How Titanic's Music (almost) Influenced Insurrection

How Titanic's Music (almost) Influenced Insurrection

Released a year before Star Trek: Insurrection, James Cameron’s Titanic became a celebrated and successful motion picture event. Part of its power was certainly due to its music under the composition and direction of James Horner (composer of Star Trek II: The Wrath of Khan and Star Trek III: The Search for Spock). An especially poignant use of music in the film was Horner’s arrangement of Sarah Flower Adams’ hymn “Nearer, My God, To Thee,” performed by I Salonisti. The ship’s band chooses to stay behind and plays the song to calm the passengers.

With filming set to begin during Spring of 1998, specific details about Star Trek: Insurrection’s new cultures, most especially the Ba’ku, were being still being imagined and reimagined when Titanic premiered. Even before Titanic was in theaters, the Insurrection creative team had already discussed the idea that music would play an important role in helping to define the Ba’ku, and more importantly, serve as an emotional connection between the audience and the agricultural and peaceful artisan community. Some of the ideas included that of director Jonathan Frakes, who had previously suggested that Jean-Luc Picard’s Ressikan flute, introduced in "The Inner Light” and making appearances in the episode “Lessons” and – eventually - the film Star Trek Nemesis, be utilized to help make the musical connection.

About three weeks after Titanic’s premiere, Insurrection’s screenwriter, and one of Star Trek’s most-talented and important producers, writers and creators, Michael Piller, sent a memo (dated January 20, 1998). He wrote about the emotional scene in Titanic when the violin player stays behind, followed by his fellow players, as the ship sinks. The scene inspired Piller to think about the role of music in the upcoming Trek production. Piller suggests in the memo that some kind of Ba’ku instrument like chimes perhaps be introduced during the scene when Picard first beams to planet’s surface to “rescue” the not-quite Starfleet hostages. The instrument and musician could then become an emotional touchstone that the film returns to occasionally. Piller cautions that whatever instrument is created, it must be portable so that it could be believable carried into the mountains during the evacuation. Piller believed that by having Ba’ku musicians featured, it would provide an emotional connection to the extras who evacuate along with the primary characters.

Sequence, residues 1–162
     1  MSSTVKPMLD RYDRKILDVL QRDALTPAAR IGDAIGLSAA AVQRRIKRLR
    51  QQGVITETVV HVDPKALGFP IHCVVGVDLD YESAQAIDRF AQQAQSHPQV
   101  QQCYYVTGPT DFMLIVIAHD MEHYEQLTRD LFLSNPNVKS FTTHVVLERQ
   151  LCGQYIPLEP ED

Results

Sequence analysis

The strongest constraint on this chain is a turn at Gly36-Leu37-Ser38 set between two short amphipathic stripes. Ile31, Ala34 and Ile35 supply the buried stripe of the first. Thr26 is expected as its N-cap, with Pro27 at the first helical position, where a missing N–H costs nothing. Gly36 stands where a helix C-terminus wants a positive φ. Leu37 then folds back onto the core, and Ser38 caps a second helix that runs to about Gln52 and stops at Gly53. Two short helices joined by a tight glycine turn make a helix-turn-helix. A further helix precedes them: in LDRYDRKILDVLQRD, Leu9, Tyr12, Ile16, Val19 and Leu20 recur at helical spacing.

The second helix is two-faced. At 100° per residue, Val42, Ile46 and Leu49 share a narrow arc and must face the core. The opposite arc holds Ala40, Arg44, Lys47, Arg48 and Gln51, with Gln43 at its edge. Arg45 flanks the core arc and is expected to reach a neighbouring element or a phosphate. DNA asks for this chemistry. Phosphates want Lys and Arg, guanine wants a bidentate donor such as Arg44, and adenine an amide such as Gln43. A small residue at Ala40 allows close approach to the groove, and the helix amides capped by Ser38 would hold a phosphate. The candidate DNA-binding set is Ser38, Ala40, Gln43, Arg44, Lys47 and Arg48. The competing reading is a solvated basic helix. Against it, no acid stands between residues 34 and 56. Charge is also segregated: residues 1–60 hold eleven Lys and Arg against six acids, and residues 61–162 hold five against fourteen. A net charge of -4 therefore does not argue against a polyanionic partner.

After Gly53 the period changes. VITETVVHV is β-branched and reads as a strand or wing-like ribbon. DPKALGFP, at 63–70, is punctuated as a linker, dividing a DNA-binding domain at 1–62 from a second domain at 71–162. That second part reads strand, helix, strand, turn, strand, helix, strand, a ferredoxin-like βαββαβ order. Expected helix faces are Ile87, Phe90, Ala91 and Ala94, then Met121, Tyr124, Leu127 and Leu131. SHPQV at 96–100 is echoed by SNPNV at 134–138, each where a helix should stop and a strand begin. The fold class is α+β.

Eventually, the idea of using a Ba’ku version of the Titanic musicians was never fully realized. The film instead focuses on a variety of other kinds of Ba’ku artistic endeavors, from blacksmithing to break-making. The evacuation scene does use big chimes/gongs to sound the alarm, as Piller suggests in his January 20th memo, but that is mostly the extent of the musical elements of the Ba’ku that are given primary focus. (As an aside, that doesn’t limit the power of the Ba’ku evacuation scene as filmed and edited because Jerry Goldsmith’s music, Herman Zimmerman’s village designs, Jonathan Frakes’ direction, the special effects, stunts, and acting all combined to create a visually dynamic, original and exciting sequence).

However, there is a Titanic-band of sorts featured in Insurrection – during the diplomatic reception with the Evora onboard the U.S.S. Enterprise E at the start of the film, the audience is treated to classical music performed by a small Starfleet orchestra that gets quite a few close-ups. Additionally, Earth music makes another appearance when Picard, Worf, and Data sing Gilbert and Sullivan. Picard even does a little dance to “Make Over Mambo” from composer Alan Silvestri. The inclusion of this music in Insurrection - from “Piano Sonata No. 8 “Pathetique”, 1st movement” by Beethoven to “A British Tar” - demonstrates how using real-world music in Star Trek’s futuristic settings connects the audience emotionally to the characters.

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